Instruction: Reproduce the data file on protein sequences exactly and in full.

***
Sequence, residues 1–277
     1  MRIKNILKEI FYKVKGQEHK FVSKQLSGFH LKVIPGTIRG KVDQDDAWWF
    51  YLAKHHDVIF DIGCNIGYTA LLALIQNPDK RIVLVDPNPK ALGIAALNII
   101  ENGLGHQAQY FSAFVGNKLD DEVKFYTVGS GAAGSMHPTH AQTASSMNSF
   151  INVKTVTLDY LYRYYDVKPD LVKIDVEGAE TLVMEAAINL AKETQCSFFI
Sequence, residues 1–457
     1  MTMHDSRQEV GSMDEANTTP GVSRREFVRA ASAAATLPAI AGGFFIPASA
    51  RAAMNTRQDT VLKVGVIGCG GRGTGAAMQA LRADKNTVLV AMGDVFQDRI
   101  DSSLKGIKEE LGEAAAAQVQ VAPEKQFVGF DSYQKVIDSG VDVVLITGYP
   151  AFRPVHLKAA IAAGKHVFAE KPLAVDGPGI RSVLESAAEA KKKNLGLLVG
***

Sequence, residues 1–277
     1  MRIKNILKEI FYKVKGQEHK FVSKQLSGFH LKVIPGTIRG KVDQDDAWWF
    51  YLAKHHDVIF DIGCNIGYTA LLALIQNPDK RIVLVDPNPK ALGIAALNII
   101  ENGLGHQAQY FSAFVGNKLD DEVKFYTVGS GAAGSMHPTH AQTASSMNSF
   151  INVKTVTLDY LYRYYDVKPD LVKIDVEGAE TLVMEAAINL AKETQCSFFI
Sequence, residues 1–457
     1  MTMHDSRQEV GSMDEANTTP GVSRREFVRA ASAAATLPAI AGGFFIPASA
    51  RAAMNTRQDT VLKVGVIGCG GRGTGAAMQA LRADKNTVLV AMGDVFQDRI
   101  DSSLKGIKEE LGEAAAAQVQ VAPEKQFVGF DSYQKVIDSG VDVVLITGYP
   151  AFRPVHLKAA IAAGKHVFAE KPLAVDGPGI RSVLESAAEA KKKNLGLLVG